• Lead is pretty stupid. Often as a student, I was exhorted to get the lead out if I wanted to pass.
  • Nice to have a non-cricketing question. I believe that we in New Zealand have created a new state of matter, one where a vacuum, i.e an absolute lack of pure or impure chemical elements, can be so dense as that which exists between the ears of certain New Zealand selectors, not that I want to mention the cricket, again
  • Nobelium closely followed by iridium.
  • Os and Ir (Osmium and Iridium I think) both have a density of 22.6gm/cc at 300K. So they are both equally dense. Perhaps they should join the One Nation Party.
  • Osmium, named after Australia for some obscure reason, but in a typical northern hemisphere mistake they spelled it wrong.
  • Under what conditions of temperature and pressure? Iridium has a density of 22650 Kg/m^3 at some temperature and pressure. [But at another temperature and pressure it’s only 47½]
  • Ununbium. It’s a guess, it’s late & I want to go to bed.
  • When I asked my slack-jawed, in-bred, but still-virgin cousin “What is the densest pure element on earth?”, I thought he was joking when he said “I are”. Then I looked it up on the periodic table, and I found he was right. [Very good.]

Question 4

The Wright Brothers’ first flight in 1903 – how far did they get?


Less far and less high than the interior of a modern jumbo jet.

Other Interpretations:

  • WRIGHT, ORVILLE, MR, PAX Y-CLASS KYH KITTYHAWK TO OTH OVER-THERE AIRCRAFT WRIGHT FLYER (but his luggage still got lost and went to London)
  • After a failed attempt on 14 Dec 1903 by Wilbur, the Wrights flew the world’s first powered airplane at Kitty Hawk on 17 Dec 1903. Beginning at 10:35 AM, Orville flew it about 120-feet (in about 12 seconds), Wilbur, about 175 feet; Orville, about 200 feet, and, about 12:00 PM, Wilbur flew it 852 feet in 59 seconds.
  • Orville managed to get a hand up her sk… ah, sorry
  • “. . .As the velocity of the wind was over 35 feet per second and the speed of the machine over the ground against this wind ten feet per second, the speed of the machine relative to the air was over 45 feet per second, and the length of the flight was equivalent to a flight of 540 feet made in calm air.” Orville Wright.
  • 1st base.
  • A bit further than QANTAS at Rome airport
  • About 100m although like most septic tanks they wouldn’t have a clue how far that is. They can’t even spell it correctly. Have they found that Mars probe yet?
  • According to Encyclopaedia Britannica… It wasn’t their first flight, just the first powered flight. They had built numerous gliders and unpowered machines earlier. First powered flight was in “Flyer 1” (now popularly called “Kitty Hawk”). Dec17 1903. First flight lasted 12 seconds, Britannica doesn’t give details of distance covered or height attained. It does note that the last flight that day lasted 59 seconds and covered 852 feet.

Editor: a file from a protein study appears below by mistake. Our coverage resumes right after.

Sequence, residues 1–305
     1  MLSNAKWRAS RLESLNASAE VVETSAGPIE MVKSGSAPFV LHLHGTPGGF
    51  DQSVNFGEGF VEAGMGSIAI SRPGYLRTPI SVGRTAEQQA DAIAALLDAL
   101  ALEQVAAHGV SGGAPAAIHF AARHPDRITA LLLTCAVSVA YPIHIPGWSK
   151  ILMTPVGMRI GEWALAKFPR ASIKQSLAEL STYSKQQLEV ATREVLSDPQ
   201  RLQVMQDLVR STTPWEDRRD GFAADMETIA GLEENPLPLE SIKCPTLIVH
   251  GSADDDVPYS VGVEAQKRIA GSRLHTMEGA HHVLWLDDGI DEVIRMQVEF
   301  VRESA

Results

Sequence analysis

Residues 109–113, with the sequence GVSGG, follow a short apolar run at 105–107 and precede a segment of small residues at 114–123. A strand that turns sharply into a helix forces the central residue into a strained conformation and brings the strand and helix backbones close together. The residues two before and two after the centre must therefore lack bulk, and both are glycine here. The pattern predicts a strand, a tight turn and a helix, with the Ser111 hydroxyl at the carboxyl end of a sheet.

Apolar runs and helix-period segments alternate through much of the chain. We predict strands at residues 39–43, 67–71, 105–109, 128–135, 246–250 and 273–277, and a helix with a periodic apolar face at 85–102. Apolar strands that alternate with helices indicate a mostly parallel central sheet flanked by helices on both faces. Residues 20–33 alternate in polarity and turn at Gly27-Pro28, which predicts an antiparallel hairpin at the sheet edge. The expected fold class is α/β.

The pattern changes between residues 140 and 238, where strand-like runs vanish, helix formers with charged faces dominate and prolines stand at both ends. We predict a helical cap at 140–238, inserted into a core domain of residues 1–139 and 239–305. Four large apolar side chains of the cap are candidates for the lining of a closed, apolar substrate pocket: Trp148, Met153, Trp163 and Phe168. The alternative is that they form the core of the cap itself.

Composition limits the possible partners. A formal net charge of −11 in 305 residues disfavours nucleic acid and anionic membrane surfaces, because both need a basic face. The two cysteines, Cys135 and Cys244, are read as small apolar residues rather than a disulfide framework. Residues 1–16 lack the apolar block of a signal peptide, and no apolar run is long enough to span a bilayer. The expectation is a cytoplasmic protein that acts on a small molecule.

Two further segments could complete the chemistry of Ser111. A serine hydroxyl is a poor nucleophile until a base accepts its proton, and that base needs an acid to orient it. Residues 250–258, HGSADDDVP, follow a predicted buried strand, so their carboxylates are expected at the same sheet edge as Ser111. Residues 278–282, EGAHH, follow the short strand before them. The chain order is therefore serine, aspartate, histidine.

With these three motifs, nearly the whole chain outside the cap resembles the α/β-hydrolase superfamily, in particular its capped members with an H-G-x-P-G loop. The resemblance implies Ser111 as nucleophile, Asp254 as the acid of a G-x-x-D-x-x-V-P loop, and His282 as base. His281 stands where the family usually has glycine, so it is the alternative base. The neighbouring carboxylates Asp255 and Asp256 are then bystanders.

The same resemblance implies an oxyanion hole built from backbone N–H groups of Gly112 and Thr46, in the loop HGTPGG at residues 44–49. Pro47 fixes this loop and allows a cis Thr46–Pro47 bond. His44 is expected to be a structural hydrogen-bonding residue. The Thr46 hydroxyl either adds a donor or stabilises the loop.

• Do you mean their first powered flight? If so, please say so. Their first powered flight went 120ft. They did much better in gliders in 1902 and 1903 when their best effort was 662ft in 1902. I couldn’t find a record of their best glider flight in 1903 but it was probably better than the paltry 120ft they achieved with an engine.
  • It was stopped 50 seconds into the 12th round, when Orville was declared the winner by a TKO after Wilbur bit his ear off. Hang on – Ahhhh! You said fLight. That’s easy. They got as far as the terminal, having been advised to remain seated until the aircraft had come to rest. This was slightly after the crew had “disarmed doors and cross checked”. It’s actually a trick question. It wasn’t the Wright Brothers who made the first flight – it was the Wright Brother as it was a single seater (they were bicycle mechanics, after all, not tandem mechanics). The brother who made the first flight was Orville —- or Wilbur. I know for a fact that it wasn’t DVP Wright, the great Kent and England leg spinner of the immediate post WWII period, because he wasn’t born until 1914. Maybe Frank Llllllloyd – naaah, I doubt it. Do I get a prize if I get it Wright?
  • Not far enough to get a bag of peanuts and a soft drink.
  • Not far enough…no, wait – are they good guys or bad guys?
  • Not very
  • Orville flew the Kitty Hawke about 120 feet. Wilbur never went anywhere. He stayed on the ground, flapping his arms, which worked about as well as it usually does.
  • Somewhere over Bermuda – then they disappeared. Or was that Glenn Miller?
  • The Wright Brothers did not have the first flight, sport. Sore point over here in NZ. A bloke down Timaru way was the first. Should have known better. Now we have cricket teams from Aussie-bloody-tralia thinking they can just fly over here any time and give us 3-0 thumpings.
  • The Wright brothers’ fist fight in 1903 was over a young lady – one Kitty Hawke – and they were arguing over who was going to get the first “ride”. The brothers were so evenly matched that they called the fight a draw, and decided that a menage-a-trois was in order. After a very short time, Kitty decided that this was not what she wanted and briskly walked back to town (a controlled and sustained flight of some 852 feet). As to how far the Wright brothers got – all accounts indicate that it was only “first base”, but they consoled themselves by going for a glide, which they had been doing since 1901.